A Brief History of Dowsing (8000 BC – today)

By: The Scribe on Tuesday, June 19, 2007



18th century sketch from a French book about superstitionsDowsing, a practice wherein an individual divines the location of water and other objects, has been a part of human culture since early prehistory. Cave drawings and Egyptian hieroglyphs attest to this ancient practice; however there is still some significant skepticism over whether or not dowsing is a legitimate scientific practice. Generally purported to be a practice of superstitious spiritualists, some researchers do believe there is evidence to support the claims of some dowsers.

What was its original purpose? It is likely that dowsing was originally used to divine the will of the gods, most particularly in the areas of telling the future and determining guilt in legal trials. Apart from the ancient images of people holding ‘divining rods’, 15th century Germany is the most probable candidate for the more ‘modern’ aspects of dowsing.

Dowsing in 15th century Germany was mainly used to find underground sources of metal, and the technique was spread through Europe when German miners traveled to England to work in the country’s coal mines. As readily as the practice may have been accepted at first, it didn’t take long before the church caught wind of this ‘fortune-telling’, and in 1659, the Jesuits declared dowsing a satanic practice.

During the 16th century, practicing dowsers were labeled as ‘water witches’, and even being suspected of dowsing could be cause for arrest and trial as a heretic or for practicing witchcraft. In 1701, the Inquisition ceased using a dowsing rod during their guilt trials, though the practice never completely stopped among the general public. Practiced in secret, dowsers continued to keep their ‘abilities’ alive until the Victorian era, when dowsing became a popular practice among the high-born of society.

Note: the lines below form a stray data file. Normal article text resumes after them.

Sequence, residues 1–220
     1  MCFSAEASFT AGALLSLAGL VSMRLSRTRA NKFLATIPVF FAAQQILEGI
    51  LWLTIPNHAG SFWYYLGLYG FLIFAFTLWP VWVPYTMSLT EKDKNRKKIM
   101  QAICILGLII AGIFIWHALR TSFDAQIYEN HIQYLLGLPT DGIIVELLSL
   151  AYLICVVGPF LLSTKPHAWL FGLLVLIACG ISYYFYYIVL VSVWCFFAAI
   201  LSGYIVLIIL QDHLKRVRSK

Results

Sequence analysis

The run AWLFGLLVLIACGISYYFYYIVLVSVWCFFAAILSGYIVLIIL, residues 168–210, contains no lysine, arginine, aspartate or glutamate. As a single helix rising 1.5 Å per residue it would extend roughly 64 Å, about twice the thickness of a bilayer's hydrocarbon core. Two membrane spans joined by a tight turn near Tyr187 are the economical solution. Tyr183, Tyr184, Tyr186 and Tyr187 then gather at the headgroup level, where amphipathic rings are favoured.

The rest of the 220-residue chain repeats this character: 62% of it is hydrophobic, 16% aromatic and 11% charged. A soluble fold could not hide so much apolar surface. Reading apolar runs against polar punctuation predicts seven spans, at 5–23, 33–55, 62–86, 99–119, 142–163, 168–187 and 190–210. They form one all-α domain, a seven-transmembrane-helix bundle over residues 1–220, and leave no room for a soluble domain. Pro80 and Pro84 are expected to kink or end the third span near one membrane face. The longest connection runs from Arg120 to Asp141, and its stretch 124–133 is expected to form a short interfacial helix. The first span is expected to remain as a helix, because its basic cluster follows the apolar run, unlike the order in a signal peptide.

dowsing in the Victorian era with “L” rods

Victorian society had a fascination with spirituality and mysticism, and dowsing again grew more widespread – popping up everywhere from parlor games to mining companies.

In more recent years, several scientific studies have been carried out in an attempt to determine whether dowsing is simply the result of chance, or whether those claiming dowsing abilities can actually sense the changes in Earth’s magnetic field – thereby leading them to natural underground sources such as water and metal. Dowsers have used everything from wooden Y-shaped rods, to brass L rods, to bent coat hangers, to crystal pendulums for their practice. Often, dowsers will pose questions of their divining device, and depending on the sway of the pendulum or shift in magnetic fields, the dowser will interpret the answer.

Although most scientists still remain unconvinced at the authenticity of dowsing claims, the practice continues into modern day, mainly as a water-locating trend. Notably, this is a phenomenon that has survived in human culture for almost 10,000 years – and whether or not any dowsing claims are true, it is certainly worth consideration as an ancient practice that has been passed down with some level of sincerity throughout the millennia

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